In honor of International Cat Day, we’ve put together a list of the easiest things any cat owner can do to make sure their cat is as healthy and happy as possible.
As beloved pets age, it can be difficult to know how their health care needs to change so we will be discussing 3 ways to better care for senior animals. After all, your cat or dog can’t tell you what he or she is feeling. To stay on top their health into old age, it is important to adjust their veterinary care as needed, including going to the vet more often. Here are a few tips for ensuring that your furry friend receives top notch senior health care.
Just like humans, dogs can have hypertension, which is higher than normal blood pressure. The best way to prevent hypertension in your pet is through a healthy diet and exercise. The risk of high blood pressure increases as the animal ages. One study found that up to 10% of dogs may suffer from high blood pressure1!
This past week my colleague, Jacinta McGlone, and I visited the Wake County SPCA located in Raleigh, NC. While there, we spoke with Staff Veterinarian Dr. Anna Boswell and Medical Assistant Allison Baker at the shelter. These ladies provided us valuable information on their ongoing battle to save countless animals' lives.
For many of us, the holiday season means changes to our home; including packages with ribbons and bows, lit candles, new plants & decorations and large gatherings of people. Remember to consider the impact on the four-legged and furry members of your family. With that in mind, we have created a resource that is designed to ensure your pets have a safe and happy holiday season. Take a look and let us know what you think in the comments section.
A blood pressure check is one of the first procedures done when you go to the doctor. So it should be no surprise that your veterinarian will likely check your pet’s blood pressure, too!
It is becoming more and more common for vets to regularly check blood pressure at every checkup. However, many pet owners do not realize that their pet’s blood pressure is constantly changing in response to many factors. Being aware of these factors and ensuring that your pet is comfortable in its environment will help the vet to get the most accurate blood pressure reading. Here is a list of 5 factors that may cause significant changes in your pet’s blood pressure:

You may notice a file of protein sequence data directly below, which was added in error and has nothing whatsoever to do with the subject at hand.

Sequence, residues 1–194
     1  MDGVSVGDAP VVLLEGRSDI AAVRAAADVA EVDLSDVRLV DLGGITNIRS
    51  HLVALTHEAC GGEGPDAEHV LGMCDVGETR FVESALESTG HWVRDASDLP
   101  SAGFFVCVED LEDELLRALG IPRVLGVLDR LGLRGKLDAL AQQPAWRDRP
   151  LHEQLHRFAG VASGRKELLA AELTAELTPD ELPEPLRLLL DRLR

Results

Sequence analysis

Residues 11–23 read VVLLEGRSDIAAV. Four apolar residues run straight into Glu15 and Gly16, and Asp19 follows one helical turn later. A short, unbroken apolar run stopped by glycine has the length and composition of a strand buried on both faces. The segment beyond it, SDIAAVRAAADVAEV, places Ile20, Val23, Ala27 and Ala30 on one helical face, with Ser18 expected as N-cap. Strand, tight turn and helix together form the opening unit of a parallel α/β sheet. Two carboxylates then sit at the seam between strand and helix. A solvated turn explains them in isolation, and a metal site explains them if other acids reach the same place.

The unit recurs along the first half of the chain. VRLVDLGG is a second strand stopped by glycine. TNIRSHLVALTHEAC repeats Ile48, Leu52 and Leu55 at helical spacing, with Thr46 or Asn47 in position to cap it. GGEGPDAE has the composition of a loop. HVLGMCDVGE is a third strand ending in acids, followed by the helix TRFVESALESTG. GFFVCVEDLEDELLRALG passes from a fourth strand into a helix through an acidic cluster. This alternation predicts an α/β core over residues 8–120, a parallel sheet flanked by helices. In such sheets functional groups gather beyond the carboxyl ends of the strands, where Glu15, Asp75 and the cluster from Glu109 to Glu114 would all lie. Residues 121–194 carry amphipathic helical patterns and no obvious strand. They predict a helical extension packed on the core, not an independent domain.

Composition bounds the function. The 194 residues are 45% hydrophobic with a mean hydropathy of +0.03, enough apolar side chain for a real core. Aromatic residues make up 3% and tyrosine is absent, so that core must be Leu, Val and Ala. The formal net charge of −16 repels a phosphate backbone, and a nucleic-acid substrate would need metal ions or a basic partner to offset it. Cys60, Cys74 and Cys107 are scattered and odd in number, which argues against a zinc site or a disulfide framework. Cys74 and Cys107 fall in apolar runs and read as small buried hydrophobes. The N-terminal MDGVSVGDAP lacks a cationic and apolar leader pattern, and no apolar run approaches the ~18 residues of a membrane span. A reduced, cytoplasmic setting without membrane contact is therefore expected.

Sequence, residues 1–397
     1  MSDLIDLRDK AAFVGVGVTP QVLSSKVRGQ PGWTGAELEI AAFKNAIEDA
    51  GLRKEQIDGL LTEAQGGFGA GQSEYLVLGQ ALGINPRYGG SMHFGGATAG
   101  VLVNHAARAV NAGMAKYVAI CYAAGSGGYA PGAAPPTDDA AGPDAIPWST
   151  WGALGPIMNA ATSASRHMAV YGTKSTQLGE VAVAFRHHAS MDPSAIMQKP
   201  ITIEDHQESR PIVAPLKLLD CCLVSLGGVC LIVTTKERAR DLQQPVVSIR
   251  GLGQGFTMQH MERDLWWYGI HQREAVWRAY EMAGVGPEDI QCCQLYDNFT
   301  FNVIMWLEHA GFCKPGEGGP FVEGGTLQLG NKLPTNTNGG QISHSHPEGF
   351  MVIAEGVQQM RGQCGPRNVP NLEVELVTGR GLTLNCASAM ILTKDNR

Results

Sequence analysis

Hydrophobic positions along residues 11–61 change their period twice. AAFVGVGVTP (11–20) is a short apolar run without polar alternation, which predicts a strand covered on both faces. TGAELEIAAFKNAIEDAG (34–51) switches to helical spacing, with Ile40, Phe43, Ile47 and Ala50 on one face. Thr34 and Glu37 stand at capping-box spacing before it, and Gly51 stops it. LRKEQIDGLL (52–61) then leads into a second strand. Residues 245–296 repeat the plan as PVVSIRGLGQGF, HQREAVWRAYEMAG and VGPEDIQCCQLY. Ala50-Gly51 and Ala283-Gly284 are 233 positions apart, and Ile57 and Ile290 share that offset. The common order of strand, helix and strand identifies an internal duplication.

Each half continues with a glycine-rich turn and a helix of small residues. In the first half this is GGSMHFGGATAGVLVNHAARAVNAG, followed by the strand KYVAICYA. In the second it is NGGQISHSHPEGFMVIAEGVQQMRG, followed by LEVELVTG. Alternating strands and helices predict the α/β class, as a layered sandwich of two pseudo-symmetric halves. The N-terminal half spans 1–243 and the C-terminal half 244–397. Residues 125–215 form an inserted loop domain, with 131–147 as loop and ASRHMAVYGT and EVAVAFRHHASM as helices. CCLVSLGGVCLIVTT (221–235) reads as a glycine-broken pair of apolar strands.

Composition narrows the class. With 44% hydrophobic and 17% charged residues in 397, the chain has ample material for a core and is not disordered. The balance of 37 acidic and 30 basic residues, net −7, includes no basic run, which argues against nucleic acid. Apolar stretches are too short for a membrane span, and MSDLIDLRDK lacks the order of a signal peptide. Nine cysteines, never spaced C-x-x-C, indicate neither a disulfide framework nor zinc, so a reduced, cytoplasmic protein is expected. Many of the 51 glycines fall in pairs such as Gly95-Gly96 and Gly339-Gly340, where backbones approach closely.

Taking a blood pressure on a companion animal is very different than what you experience at the doctor’s office. You can’t tell a dog or cat to sit still and be quiet throughout the entire blood pressure measurement and actually expect it to happen. It’s more similar to trying to take an infant’s BP, except these wiggly patients have fur!
Believe it or not, your pet can have high blood pressure too! That being said, the significance of this is a bit different than it would be for you and me. Hypertension in cats and dogs is almost always secondary, which means it is caused by an underlying condition or disease. Because secondary hypertension is a signal that something else is wrong, blood pressure screening is a great way to discover other health issues in your pet such as acute kidney disease or hyperthyroidism. BP screening can help to prevent serious organ damage if a condition or disease is caught in its early stages.